Reducing the Arsenic Content of Parboiled Rice

Reducing the Arsenic Content of Parboiled Rice


Rice from some regions, e.g., Bangladesh, is contaminated with dangerous inorganic arsenic species. The arsenic is washed out from the soil during the rice’s growth. The same is true for the toxic cadmium.

Most of the rice in Bangladesh is parboiled, i.e., soaked, partially boiled, and dried again. This process can also be used to introduce minerals such as calcium to the rice by adding them to the water used for boiling. A typical parboiling process does not significantly lower the arsenic content of rice. Usually, the rice is soaked, parboiled, and dried while still in its husk. The husk, however, is particularly rich in arsenic.

Andrew A. Meharg, Queen’s University Belfast, UK, and colleagues have found that a simple change in the order of processing steps can reduce the arsenic content. When the rice is dehusked first to give wholegrain rice, and then soaked, parboiled, dried, and polished to give white rice, the inorganic arsenic content in the final grain is reduced by 25 % compared with traditionally parboiled rice. The change has little impact on the quality of the product.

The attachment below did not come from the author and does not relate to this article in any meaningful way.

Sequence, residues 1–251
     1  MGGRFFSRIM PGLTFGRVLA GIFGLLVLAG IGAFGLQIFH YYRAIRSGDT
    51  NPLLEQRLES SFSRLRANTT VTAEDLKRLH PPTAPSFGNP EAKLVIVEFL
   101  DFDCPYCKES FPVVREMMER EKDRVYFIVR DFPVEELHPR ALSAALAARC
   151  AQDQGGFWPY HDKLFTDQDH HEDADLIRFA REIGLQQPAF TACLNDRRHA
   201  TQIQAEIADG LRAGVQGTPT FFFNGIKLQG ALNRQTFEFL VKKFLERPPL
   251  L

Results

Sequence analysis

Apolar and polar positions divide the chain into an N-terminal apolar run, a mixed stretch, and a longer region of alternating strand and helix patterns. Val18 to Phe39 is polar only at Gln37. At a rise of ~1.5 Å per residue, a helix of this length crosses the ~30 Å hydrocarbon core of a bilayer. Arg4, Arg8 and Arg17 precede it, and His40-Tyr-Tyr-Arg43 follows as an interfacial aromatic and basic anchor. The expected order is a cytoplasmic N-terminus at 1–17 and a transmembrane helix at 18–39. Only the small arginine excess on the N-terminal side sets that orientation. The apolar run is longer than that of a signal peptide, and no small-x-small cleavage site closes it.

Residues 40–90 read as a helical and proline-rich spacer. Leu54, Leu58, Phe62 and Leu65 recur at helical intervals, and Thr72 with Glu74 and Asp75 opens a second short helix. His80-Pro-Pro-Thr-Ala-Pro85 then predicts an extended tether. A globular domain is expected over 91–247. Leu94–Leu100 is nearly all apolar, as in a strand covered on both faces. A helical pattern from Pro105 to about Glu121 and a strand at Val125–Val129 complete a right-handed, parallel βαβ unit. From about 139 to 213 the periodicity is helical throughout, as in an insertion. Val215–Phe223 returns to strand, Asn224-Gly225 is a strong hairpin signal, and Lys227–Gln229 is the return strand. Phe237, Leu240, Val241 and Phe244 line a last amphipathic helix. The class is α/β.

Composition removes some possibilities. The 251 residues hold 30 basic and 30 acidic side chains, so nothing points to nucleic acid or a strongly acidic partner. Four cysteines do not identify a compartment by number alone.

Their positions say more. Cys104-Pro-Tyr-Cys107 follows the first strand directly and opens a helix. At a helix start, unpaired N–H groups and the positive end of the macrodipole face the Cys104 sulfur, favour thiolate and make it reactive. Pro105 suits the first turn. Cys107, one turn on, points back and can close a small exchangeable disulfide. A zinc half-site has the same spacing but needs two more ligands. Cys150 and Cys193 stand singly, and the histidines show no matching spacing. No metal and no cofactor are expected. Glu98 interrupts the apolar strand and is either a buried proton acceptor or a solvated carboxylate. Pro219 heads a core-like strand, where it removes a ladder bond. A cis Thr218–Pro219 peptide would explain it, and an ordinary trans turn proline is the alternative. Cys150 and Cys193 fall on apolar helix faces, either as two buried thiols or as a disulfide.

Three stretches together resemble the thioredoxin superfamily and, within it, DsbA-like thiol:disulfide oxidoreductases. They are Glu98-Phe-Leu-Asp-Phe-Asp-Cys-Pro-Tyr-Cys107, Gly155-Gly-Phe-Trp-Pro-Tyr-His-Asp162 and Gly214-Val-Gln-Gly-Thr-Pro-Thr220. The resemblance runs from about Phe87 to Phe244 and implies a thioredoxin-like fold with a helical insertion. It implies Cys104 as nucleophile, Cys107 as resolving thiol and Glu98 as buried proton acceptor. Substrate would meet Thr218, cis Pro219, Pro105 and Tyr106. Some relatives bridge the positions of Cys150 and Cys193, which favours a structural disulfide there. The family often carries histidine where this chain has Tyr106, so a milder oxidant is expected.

In addition to the reduction of the arsenic concentration, the modified process also significantly decreases the cadmium content. At the same time, added minerals such as calcium salts are easier to enrich in the rice without the husk: the Ca content was improved by 213 % in the modified parboiling process.


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